While it is certainly not a new phenomenon, poor information-sharing contributed to the spread of the disease in several countries (especially during the initial stages of the outbreak in China). Infection control and surge capacity were also issues, due to the highly contagious nature of the disease and a long incubation period of about 10 days.

Heathcare workers were very susceptible to infection, and there were numerous cases of infected hospital staff members spreading the disease. It also appears that hospital to hospital contamination was a significant problem as well. By mid-April in Singapore alone, SARS had spread to five of the six major hospitals in the country. In Canada at least five medical facilities were contaminated as a result of patient transfers from a central hospital, resulting in the requirement to quarantine of over 5,000 people.3 If SARS had the fatality rate of smallpox, the ability of the healthcare systems to handle the crisis might have been overwhelmed.

The Chinese experience with SARS should be regarded with caution, as its experience may not be entirely applicable to other countries, but the subject of panic nonetheless deserves attention for future incident planning. Panic and the attendant population flight presented significant problems in Beijing once the extent of the disease became known.

The implication for future disease outbreaks is that a disease more lethal than SARS could result in widespread panic in the affected society. In the case of Beijing, it should be noted that panic began to spread and people began to take flight once public officials admitted the true extent of the outbreak. As was the case with the anthrax attacks, once a 'credibility gap' emerged, it was increasingly difficult to convince people to trust the information being disseminated.

The SARS outbreak was particularly significant in that quarantine was employed as a important and effective tool in preventing the spread of the disease. This procedure was implemented in almost every nation affected by SARS, and thousands of people were quarantined worldwide. While quarantine is by no means a new public health tool, it is a subject of controversy, particularly because of its potential infringement on civil liberties. At its core, the use of quarantine requires one to ask at what point the 'greater good' for society overrides individual liberties. In the case of SARS, the outbreak witnessed the use of both voluntary and involuntary quarantine.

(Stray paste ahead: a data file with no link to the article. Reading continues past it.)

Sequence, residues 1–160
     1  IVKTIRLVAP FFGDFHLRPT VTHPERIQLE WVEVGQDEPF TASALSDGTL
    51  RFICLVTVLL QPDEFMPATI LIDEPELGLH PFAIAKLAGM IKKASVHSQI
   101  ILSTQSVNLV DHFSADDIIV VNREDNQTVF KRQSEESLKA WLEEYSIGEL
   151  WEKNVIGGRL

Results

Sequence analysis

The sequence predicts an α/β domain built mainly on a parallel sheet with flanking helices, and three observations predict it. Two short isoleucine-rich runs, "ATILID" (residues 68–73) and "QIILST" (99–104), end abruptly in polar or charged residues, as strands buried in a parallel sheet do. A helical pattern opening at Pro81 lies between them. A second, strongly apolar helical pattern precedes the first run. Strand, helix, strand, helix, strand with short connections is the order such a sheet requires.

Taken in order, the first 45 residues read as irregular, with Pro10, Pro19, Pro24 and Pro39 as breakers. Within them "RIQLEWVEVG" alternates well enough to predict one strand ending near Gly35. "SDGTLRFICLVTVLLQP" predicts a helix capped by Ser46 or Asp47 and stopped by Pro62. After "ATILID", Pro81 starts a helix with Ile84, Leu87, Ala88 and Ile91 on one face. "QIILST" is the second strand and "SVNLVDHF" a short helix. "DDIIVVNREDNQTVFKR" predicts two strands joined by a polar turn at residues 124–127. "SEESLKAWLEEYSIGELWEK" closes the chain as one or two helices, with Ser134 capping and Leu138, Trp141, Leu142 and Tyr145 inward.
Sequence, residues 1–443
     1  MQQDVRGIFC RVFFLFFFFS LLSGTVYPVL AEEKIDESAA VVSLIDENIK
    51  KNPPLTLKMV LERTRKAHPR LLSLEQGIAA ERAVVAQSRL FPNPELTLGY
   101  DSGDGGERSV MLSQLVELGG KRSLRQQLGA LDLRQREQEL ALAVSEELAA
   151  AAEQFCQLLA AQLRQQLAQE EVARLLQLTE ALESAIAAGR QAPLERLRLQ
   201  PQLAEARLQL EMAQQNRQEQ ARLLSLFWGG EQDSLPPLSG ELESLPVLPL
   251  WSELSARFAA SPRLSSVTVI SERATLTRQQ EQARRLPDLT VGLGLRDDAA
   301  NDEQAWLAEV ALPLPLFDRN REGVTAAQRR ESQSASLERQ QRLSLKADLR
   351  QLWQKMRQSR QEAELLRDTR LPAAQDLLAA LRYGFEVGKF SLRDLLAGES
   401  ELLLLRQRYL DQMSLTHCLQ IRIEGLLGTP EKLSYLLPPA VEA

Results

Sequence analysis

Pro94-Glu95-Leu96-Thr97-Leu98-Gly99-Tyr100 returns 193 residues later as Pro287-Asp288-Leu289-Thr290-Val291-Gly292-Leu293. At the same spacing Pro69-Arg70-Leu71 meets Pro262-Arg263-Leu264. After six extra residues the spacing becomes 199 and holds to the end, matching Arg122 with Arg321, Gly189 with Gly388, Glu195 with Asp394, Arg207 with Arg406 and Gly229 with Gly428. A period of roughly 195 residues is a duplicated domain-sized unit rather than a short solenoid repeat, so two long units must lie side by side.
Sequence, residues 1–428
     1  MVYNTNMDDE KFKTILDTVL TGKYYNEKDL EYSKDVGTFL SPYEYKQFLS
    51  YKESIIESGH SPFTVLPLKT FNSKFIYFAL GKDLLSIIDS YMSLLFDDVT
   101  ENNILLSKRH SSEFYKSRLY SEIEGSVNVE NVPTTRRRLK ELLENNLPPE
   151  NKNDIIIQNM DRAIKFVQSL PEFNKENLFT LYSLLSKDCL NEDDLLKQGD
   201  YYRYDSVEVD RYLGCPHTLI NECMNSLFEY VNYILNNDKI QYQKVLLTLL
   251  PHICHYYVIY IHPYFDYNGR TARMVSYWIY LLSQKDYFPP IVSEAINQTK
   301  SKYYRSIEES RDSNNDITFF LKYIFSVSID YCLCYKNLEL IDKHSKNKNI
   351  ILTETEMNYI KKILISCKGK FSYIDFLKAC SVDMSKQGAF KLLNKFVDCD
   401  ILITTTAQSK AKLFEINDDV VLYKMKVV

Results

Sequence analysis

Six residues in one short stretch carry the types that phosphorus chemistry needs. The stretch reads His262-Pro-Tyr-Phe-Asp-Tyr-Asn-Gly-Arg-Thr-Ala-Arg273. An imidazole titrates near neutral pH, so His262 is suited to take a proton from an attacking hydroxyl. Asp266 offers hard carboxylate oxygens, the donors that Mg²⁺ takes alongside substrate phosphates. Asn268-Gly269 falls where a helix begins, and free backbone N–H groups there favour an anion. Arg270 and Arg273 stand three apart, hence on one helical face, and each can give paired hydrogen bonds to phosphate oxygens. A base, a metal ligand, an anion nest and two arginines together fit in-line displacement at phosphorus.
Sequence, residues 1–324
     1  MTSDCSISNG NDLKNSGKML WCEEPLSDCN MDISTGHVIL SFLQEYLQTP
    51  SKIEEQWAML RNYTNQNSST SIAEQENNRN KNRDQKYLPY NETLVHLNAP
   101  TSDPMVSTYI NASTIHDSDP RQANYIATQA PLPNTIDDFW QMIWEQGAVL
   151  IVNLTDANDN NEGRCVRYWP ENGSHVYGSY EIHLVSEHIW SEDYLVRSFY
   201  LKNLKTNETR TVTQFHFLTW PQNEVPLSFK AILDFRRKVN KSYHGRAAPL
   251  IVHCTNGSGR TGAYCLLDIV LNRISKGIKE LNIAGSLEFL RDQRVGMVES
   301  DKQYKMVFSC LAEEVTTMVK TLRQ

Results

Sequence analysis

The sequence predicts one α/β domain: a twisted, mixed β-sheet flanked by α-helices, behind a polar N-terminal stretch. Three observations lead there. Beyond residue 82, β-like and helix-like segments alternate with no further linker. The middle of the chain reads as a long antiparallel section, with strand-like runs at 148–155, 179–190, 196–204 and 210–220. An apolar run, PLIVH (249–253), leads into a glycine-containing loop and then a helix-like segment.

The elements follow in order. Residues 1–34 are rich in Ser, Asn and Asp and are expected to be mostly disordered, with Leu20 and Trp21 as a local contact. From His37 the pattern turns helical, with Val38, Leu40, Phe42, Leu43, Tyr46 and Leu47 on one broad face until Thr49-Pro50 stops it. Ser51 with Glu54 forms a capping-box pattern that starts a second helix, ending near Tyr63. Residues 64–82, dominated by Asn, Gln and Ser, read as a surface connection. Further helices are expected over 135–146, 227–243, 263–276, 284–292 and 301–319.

The difficulty of enforcing quarantine was demonstrated in China, where officials threatened possible execution as an enforcement measure.4 In Canada, government officials in early April had to go to court to obtain isolation orders against seven individuals who refused to comply with the voluntary isolation.5 Establishing the 'rules of engagement', particularly for involuntary quarantine, remains a difficult issue. When will quarantine enforcement require the use of deadly force? Should a disease more virulent than SARS appear, this question will require an answer.

For quarantine to be used effectively, laws must be enacted that provide the power of enforcement. Even since the recognition of the potential threat posed by biological agent attack, few states in the US have revised their quarantine laws, some of which are more than 100 years old. The potential of SARS-like diseases that are highly contagious in nature should prompt a re-examination of national and local quarantine statutes.

Perhaps one of the most interesting aspects of quarantine and SARS that may be useful for future disease outbreaks was the utilisation of information technology. In Singapore, webcams were installed in the homes of quarantined individuals. Telephone calls were made at random times, and individuals were required to turn on the camera to prove they were still in their homes. "An electronic wrist band would be slapped on offenders, designed to send a signal if anyone tried to leave their home."6

While the use of such technologies will not provide a panacea for quarantine enforcement, the employment of such tools can improve response capabilities. Further research into this area is clearly necessary.

Although SARS appears to have been vanquished, at least for the time being, the difficulties encountered in containing the disease should not be ignored or forgotten. The SARS outbreak offers valuable and varied lessons for both decision-makers and the public health/ bioterrorism preparedness communities. Hopefully such lessons will be learned and not simply 'observed'.

Benjamin Tuck specialises in homeland security and bioterrorism issues at L-3 Communications Analytics Corporation. He is currently on a leave of absence serving with the US Army in support of the war on terrorism


1 In the case of smallpox, however, the reliance on mass vaccination only became possible once sufficient quantities of vaccine were discovered.

2 Washington Post, 7 July 2003.

3 New York Times, 29 May 2003.

4 sars/1912142, 15 May 2003.

5 CBC news, "Court Action Taken to Enforce SARS Quarantine", 4 April 2003.

6 MSNBC, "Webcams enforce SARS Quarantine", 10 April 2003.